Ontario Cracking Down on Foreign Real-Estate Speculation with the Most Comprehensive Non-Resident Speculation Tax in Canada

To tackle the housing crisis in Ontario and prioritize Ontario families and homebuyers, the government has decided to increase the Non-Resident Speculation Tax rate to 20 percent. It has also closed loopholes to fight tax avoidance and expanded the tax to apply provincewide. These changes became effective a few days back, on March 30, 2022.

Before March 30, the Non-Resident Speculation Tax rate was 15 percent and only applied to homes purchased in the Greater Golden Horseshoe Region by foreign corporations, foreign nationals, and taxable trustees. The latest changes will probably deter non-resident investors from speculating on Ontario’s housing market. It might also make homeownership more attainable for Ontario residents.

Also, the government will ensure that new permanent residents of Canada get rebates and exemptions (if they are eligible) to ensure Ontario is welcoming to new Canadians in the future. It’s a good opportunity for foreign nationals studying and working in Ontario who become permanent residents as they can easily apply for the rebate.

Peter Bethlenfalvy, Minister of Finance, stated, “Young families, seniors, and workers are desperate for housing that meets their needs. But a lack of supply and rising costs have put the dream of homeownership out of reach for too many families in the province. That is why our government is adopting the most comprehensive Non-Resident Speculation Tax in the country. Our government is working to increase supply and help keep costs low for Ontario families and homebuyers, not foreign speculators looking to turn a quick profit.”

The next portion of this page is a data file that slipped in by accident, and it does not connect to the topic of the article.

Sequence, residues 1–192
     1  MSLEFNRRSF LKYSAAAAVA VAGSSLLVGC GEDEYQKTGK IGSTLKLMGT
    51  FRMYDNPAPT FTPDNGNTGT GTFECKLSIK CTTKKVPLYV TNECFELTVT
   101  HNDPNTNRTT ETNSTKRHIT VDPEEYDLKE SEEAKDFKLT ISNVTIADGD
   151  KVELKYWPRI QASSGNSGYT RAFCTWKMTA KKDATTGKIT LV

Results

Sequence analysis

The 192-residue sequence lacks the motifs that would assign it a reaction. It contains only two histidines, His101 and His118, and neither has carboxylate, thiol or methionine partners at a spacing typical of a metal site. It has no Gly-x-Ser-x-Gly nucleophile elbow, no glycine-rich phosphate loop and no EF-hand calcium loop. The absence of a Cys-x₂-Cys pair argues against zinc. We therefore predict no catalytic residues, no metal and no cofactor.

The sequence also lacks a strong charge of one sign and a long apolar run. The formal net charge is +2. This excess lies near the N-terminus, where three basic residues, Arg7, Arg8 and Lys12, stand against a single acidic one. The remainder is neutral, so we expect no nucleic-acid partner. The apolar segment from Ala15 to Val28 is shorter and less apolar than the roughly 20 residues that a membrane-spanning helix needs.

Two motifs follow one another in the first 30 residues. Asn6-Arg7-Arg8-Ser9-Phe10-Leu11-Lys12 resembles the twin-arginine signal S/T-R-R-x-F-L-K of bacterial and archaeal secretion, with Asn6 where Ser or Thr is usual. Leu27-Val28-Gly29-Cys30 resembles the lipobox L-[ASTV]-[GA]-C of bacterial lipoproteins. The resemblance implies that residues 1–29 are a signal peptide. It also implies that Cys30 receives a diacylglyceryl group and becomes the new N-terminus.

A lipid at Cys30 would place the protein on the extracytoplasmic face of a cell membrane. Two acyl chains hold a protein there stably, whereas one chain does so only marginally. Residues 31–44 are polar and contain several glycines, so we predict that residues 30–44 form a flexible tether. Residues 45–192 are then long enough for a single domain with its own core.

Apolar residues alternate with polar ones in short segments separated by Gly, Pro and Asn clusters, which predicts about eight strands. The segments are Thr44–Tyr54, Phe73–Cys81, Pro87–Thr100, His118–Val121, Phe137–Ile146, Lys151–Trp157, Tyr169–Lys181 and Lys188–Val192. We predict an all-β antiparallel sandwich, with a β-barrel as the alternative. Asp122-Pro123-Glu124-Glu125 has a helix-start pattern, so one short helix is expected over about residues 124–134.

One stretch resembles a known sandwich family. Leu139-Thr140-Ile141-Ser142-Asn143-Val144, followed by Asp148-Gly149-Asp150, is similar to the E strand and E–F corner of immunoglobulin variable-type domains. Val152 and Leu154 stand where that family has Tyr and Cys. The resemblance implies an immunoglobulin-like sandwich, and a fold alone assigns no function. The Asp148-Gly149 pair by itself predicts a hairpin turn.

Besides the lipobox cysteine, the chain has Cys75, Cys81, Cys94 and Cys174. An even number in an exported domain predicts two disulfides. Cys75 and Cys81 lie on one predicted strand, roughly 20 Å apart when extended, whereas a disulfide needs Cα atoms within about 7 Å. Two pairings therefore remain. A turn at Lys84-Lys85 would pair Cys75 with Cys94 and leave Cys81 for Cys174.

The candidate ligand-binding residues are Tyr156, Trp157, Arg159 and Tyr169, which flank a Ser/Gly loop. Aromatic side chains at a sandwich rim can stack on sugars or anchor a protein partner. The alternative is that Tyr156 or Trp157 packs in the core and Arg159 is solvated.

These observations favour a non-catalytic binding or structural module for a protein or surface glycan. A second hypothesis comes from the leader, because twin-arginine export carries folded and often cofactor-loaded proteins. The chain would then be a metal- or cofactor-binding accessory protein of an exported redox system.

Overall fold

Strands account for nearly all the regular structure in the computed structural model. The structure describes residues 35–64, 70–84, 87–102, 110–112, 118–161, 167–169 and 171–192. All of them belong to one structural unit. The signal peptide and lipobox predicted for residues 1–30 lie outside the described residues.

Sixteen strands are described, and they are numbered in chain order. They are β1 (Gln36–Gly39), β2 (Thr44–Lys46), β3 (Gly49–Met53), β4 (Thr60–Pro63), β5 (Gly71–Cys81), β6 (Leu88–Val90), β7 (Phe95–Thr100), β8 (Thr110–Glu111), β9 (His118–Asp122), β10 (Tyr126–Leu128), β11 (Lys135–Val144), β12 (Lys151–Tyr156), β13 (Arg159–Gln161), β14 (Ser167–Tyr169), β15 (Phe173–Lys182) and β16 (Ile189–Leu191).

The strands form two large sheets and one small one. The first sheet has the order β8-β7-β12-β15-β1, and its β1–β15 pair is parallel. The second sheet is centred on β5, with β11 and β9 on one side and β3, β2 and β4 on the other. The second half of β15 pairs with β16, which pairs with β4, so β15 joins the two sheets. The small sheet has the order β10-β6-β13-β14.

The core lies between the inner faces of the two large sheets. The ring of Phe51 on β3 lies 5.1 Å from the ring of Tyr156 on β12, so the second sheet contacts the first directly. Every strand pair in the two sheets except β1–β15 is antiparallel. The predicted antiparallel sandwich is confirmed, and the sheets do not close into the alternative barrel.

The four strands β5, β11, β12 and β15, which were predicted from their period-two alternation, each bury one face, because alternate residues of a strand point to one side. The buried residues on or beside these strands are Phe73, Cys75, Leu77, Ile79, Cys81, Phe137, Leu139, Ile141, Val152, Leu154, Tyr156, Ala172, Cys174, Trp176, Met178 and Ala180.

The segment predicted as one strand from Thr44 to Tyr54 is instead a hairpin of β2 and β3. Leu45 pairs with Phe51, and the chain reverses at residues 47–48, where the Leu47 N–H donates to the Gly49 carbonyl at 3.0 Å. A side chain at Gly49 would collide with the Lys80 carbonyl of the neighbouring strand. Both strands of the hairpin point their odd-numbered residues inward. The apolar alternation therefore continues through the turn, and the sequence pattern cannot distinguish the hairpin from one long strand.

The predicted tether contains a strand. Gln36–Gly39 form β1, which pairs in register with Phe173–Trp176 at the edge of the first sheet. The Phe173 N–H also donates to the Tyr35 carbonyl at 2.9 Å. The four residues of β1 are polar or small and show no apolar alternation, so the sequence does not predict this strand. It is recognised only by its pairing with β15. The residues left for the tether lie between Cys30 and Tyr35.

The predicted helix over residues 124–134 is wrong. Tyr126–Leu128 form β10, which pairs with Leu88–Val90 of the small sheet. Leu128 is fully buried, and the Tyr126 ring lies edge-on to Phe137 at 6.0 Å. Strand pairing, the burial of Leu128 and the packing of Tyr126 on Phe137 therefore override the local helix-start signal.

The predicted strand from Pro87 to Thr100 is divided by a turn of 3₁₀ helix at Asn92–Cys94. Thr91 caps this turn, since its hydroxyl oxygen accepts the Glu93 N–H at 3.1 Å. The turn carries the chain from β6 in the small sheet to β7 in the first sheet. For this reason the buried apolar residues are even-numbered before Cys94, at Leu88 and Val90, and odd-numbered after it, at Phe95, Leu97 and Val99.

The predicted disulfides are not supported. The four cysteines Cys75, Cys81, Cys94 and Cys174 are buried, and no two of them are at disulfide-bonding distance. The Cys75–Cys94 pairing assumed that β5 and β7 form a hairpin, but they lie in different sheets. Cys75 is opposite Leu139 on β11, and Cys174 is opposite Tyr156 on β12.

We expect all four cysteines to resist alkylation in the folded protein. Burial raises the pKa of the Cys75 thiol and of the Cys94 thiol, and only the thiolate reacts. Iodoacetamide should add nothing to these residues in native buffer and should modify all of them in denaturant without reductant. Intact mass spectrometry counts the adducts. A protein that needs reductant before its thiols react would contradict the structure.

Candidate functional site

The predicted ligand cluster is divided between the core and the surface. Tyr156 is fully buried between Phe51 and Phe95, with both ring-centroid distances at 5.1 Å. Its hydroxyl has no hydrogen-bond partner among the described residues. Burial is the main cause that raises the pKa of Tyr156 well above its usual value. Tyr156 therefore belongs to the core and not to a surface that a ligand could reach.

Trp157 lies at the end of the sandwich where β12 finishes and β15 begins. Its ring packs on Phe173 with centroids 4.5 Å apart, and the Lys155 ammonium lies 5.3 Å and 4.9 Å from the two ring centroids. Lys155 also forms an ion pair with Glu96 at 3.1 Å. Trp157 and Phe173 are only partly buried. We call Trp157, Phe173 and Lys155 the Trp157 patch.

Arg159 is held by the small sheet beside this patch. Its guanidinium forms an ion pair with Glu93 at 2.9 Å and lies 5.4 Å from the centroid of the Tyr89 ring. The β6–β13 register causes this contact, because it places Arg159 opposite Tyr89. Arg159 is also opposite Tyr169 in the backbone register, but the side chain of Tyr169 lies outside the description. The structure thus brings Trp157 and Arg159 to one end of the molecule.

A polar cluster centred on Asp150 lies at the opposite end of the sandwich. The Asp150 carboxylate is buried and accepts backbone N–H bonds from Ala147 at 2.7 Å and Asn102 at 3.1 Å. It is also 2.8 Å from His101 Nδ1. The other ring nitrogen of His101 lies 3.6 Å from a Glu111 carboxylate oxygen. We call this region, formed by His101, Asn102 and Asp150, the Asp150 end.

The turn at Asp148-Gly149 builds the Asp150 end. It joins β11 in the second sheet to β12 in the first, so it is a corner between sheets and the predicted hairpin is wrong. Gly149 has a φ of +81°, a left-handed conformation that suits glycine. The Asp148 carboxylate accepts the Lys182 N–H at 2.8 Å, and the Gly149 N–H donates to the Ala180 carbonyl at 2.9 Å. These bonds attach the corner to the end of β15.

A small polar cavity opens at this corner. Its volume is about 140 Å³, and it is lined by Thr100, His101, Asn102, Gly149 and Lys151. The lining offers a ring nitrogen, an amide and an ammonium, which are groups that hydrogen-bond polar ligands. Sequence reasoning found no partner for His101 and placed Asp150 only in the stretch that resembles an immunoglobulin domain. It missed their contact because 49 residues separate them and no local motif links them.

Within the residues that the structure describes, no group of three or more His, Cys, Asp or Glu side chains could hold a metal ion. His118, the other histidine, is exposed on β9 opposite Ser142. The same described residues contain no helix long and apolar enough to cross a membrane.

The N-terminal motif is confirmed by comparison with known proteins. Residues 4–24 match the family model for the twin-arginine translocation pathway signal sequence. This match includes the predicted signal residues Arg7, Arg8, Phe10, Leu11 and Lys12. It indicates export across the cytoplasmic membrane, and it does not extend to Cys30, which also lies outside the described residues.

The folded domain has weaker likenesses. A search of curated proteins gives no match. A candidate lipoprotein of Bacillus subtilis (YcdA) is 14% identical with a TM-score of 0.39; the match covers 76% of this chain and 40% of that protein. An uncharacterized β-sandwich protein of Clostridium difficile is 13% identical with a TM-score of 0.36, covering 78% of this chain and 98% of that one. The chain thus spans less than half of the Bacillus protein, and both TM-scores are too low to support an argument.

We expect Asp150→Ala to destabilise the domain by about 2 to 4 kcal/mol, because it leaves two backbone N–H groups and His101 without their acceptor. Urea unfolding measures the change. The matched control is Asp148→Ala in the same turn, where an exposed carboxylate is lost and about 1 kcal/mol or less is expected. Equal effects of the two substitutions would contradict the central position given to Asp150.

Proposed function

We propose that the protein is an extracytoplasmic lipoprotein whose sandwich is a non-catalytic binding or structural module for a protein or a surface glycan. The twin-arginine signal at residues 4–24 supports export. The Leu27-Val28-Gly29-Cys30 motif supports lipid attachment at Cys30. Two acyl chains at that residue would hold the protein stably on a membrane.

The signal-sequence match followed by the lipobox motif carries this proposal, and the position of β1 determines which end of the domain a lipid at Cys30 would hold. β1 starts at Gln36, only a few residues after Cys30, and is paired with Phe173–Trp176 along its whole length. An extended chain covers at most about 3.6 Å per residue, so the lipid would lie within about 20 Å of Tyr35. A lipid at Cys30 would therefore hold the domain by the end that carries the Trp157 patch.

Taxation on Renting

If a non-resident rents out a Canadian property, they need to withhold tax as 25% of the gross rental income. They have to withhold taxes even in situations of rental loss. However, non-residents can elect under s.216 of the income tax return to file a Canadian tax return which recalculates the withholding to only 25% on the net rental income and lets a person deduct normal expenses to be deducted. They still need to remit 25% of the gross rental income, but they can get a refund by filling the s.216 tax return.

What Entities are Subject to Subject to NRST?

The following entities or taxable trustees are subject to NRST if they purchased or acquired a residential property in Ontario.

A foreign entity includes a foreign national or a foreign corporation.

A foreign national refers to an individual who is not a permanent resident of Canada or a Canadian citizen.

A permanent resident refers to a person who has acquired permanent resident status and hasn’t lost that status.

A foreign corporation refers to any of the following:

Ø  A corporation not incorporated in Canada.

Ø  A corporation whose shares are not listed on a stock exchange in Canada but is incorporated in Canada and is controlled, directly or indirectly, in any manner whatever by a foreign national, a corporation not incorporated in Canada, or a corporation whose capital stock that is owned by a foreign national or by a corporation described above.

A taxable trustee means a trustee of:

Ø  A trust where at least one trustee that is a foreign entity.

Ø  A trust with no foreign entity trustees if a trust beneficiary is a foreign entity.

Ø  The taxable trustee does not include a trustee acting for these trusts- a mutual fund trust, a real estate investment trust, or a SIFT trust.

Read more about NRST at the website of Ministry of Finance here.






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